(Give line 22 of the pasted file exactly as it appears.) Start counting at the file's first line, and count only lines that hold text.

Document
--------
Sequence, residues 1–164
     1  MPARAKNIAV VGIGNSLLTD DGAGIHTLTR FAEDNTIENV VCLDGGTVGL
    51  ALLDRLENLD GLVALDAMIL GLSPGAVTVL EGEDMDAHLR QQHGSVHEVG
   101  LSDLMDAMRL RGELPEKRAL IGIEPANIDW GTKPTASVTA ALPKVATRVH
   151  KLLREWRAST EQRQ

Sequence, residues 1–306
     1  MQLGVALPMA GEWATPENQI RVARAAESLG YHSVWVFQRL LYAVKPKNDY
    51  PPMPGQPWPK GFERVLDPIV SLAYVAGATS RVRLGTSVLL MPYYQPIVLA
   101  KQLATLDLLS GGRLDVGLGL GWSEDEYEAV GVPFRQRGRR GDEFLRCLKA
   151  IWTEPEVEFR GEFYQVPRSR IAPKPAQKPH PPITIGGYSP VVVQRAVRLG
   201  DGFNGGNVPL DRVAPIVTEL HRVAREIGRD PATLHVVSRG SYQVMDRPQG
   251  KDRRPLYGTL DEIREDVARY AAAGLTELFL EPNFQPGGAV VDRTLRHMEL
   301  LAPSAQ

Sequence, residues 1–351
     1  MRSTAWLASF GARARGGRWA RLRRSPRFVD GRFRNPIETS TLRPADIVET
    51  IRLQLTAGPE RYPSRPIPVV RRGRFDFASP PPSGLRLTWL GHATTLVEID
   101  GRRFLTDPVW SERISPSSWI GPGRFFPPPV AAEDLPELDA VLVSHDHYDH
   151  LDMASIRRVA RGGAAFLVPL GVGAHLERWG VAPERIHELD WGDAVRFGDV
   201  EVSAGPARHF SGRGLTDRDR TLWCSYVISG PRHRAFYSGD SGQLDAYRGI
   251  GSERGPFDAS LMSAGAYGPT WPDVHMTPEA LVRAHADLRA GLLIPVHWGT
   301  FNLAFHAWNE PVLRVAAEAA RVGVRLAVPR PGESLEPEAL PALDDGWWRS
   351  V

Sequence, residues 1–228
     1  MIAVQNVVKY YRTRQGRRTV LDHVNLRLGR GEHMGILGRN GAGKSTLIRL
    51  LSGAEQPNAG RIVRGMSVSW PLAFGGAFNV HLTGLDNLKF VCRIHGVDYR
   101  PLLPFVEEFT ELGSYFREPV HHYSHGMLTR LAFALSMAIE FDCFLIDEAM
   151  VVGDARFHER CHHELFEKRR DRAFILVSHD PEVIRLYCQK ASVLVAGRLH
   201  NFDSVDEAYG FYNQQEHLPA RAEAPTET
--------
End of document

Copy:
   351  V